New Leadership Offerings Give HSPH Students Hands-on Practice.
New Leadership Offerings Give HSPH Students Hands-on Practice
It’s one thing to understand the public health implications of scientific evidence.
It’s quite another to use that information to successfully implement real public health improvements.
HSPH student Shaniece Criss participated in the group dynamics workshop
The challenge of leaping from theory to practice has prompted the creation of new programming, offered through the Harvard School of Public Health’s Center for Public Health Leadership, that will form the backbone of an interdisciplinary leadership concentration. The new program will be fully introduced in fall 2012.
The new offerings include a seminar in which students can assess their leadership styles; an advanced leadership seminar series featuring experts who study leadership as a discipline; a new course on leadership in teams; and a day-long workshop with the intriguing title “The Secret Lives of Groups,” which gives participants outside-the-box opportunities to learn about group dynamics.
Also new this fall are opportunities for students to help administer “FastTrack” programs in public health settings. FastTrack is a rapid-cycle method of organizational improvement typically used in businesses.
“There are three main approaches to teaching leadership,” said John McDonough, director of the Center for Public Health Leadership and professor of the practice of public health at HSPH. “One way is to teach theory. Another way is to expose students to leaders. And the third way is to help students figure out their inner journey, to ask them, ‘What is it in you that strengthens you and gives you the capacity to be a leader? And what holds you back?’”
The new programming is aimed squarely at the “inner journey.” The goal, said McDonough, is to create “a robust avenue for students who want to take that journey.”
Students give the new programming a big thumbs-up.
HSPH student Shaniece Criss, who’s working toward a doctor of science in society, human development, and health, said participating in the group dynamics workshop gave her a chance to try some novel activities. The unconventional workshop, held in mid-October, brought together 30 HSPH students and 30 Harvard Kennedy School students for a full day—with literally no agenda.
Consultants encouraged the participants to focus on things such as who took leadership roles in the groups and why; which voices got listened to and which didn’t; and what propels the work of groups, and what slows it down.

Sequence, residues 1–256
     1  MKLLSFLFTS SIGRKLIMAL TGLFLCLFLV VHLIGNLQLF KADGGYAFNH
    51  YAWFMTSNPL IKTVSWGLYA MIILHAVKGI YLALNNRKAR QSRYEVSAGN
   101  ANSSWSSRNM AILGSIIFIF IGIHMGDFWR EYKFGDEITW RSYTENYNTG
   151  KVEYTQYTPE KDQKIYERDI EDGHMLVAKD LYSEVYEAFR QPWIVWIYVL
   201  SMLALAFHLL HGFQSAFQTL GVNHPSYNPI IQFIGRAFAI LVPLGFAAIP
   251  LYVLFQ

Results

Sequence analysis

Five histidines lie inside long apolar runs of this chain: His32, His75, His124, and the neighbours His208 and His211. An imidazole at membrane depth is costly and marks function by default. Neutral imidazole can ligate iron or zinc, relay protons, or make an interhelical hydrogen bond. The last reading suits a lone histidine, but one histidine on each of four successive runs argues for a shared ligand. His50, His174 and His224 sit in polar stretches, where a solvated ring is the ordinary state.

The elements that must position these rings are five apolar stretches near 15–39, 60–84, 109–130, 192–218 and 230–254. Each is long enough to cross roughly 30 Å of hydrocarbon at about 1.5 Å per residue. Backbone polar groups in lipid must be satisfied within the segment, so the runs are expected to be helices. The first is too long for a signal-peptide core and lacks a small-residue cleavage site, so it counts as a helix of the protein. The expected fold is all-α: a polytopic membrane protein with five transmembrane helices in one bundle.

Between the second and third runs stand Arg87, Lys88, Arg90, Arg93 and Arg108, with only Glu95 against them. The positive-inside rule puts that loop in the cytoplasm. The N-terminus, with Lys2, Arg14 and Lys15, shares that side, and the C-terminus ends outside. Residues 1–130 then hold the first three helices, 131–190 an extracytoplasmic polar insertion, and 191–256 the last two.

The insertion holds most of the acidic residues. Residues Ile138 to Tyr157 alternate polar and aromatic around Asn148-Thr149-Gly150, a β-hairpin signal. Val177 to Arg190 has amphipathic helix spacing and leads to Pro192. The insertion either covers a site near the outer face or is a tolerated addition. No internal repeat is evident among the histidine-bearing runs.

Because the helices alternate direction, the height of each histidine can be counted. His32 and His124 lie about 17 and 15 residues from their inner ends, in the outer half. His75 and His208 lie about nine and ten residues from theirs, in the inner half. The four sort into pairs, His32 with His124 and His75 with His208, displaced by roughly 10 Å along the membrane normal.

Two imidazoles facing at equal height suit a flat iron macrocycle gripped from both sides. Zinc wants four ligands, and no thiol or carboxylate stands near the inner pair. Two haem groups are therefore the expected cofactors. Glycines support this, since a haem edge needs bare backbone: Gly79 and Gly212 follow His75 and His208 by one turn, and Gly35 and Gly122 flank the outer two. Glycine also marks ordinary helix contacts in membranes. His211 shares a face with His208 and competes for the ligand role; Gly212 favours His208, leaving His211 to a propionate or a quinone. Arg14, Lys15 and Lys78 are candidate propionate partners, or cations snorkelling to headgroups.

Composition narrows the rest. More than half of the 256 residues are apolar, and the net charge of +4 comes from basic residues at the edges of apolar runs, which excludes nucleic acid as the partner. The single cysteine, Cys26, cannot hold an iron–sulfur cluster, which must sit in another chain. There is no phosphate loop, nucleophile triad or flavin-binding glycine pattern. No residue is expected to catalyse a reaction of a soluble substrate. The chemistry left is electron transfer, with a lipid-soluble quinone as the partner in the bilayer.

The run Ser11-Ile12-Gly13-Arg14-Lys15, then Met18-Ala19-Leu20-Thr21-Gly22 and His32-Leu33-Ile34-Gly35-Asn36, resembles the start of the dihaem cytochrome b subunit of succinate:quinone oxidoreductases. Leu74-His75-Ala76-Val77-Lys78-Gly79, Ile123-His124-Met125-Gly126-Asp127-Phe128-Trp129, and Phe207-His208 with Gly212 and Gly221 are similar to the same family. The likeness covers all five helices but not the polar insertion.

Participants were also encouraged to evaluate their own leadership styles.
Even with no agenda, Criss said, some participants emerged as leaders while others hung back. The consultant helping to run her group gave minimal direction but would sometimes interject a comment, such as “Notice who’s taking the lead” or “Why are some people in the group being listened to more than others?”
The day often felt uncomfortable, Criss acknowledged. But she said the group prompted her to think about things she wouldn’t normally think about—like why she may or may not have felt the need to speak at a particular time, or why certain people were not speaking.
Another group workshop participant, HSPH student Angela Crane, said she learned she doesn’t always have to be the extrovert in a group to be an effective leader. “It made me realize it’s the quality of what you say that’s important, not the quantity,” said Crane, who’s working toward a master’s degree in public health in society, human development, and health.
Caitlin Taylor Reiche, a master’s student in health policy and management at HSPH, is involved with FastTrack projects at both the Dana-Farber Cancer Institute and Mass General Hospital in Boston. Both projects require people from different departments within each organization to agree on strategies to change certain systems or procedures—within just 90 days.
For the Dana-Farber project, Reiche is working on ways to reduce the current four- to six-month wait for treatment at Dana-Farber for African American patients from a local health center with suspected malignancies. At Mass General, she is working to improve assessment and treatment for hepatitis C patients at the hospital’s Charlestown, Mass. clinic.